Krishna Polius, a PhD student in Environmental Science and Management, knows what it means to fight for a cleaner community. A geochemist by training, her experiences include testing drinking water during the crisis in Flint, Michigan, and serving in the AmeriCorps to raise awareness about water quality issues in New Jersey.
Still, she was surprised by what she saw in Newark’s Ironbound and the proximity of polluters to children playing in the streets. “It was startling to me because of the health risks,” she says.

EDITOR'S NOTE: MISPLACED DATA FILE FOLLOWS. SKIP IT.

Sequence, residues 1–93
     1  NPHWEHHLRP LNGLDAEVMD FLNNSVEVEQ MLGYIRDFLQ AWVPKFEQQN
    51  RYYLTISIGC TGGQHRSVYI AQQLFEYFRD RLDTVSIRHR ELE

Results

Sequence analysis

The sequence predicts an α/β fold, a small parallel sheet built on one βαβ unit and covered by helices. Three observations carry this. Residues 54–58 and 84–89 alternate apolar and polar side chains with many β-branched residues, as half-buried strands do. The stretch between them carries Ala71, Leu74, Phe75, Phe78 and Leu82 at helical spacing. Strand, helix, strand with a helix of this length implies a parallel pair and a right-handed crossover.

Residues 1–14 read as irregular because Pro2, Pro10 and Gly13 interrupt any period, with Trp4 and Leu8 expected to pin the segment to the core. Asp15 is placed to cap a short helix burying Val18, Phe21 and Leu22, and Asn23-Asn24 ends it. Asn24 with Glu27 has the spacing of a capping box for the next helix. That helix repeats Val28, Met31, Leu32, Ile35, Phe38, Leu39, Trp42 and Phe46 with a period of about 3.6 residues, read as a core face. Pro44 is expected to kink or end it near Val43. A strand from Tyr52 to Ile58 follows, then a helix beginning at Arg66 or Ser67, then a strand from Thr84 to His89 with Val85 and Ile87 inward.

The industrial neighborhood – a concentration of factories and warehouses, a power plant, chemical refineries, the state’s largest garbage incinerator and a Superfund site – has long been the focus of protests and activists dedicated to uplifting this overburdened community of color, continuing a fight for clean air and land.
“The stories we heard of the activism – what’s been, what’s in the works, what’s going on – that aspect gave us hope,” adds Leanna Sanchez ’22, who joined Polius and other students in a Montclair State University Anthropology class for a tour around the Ironbound.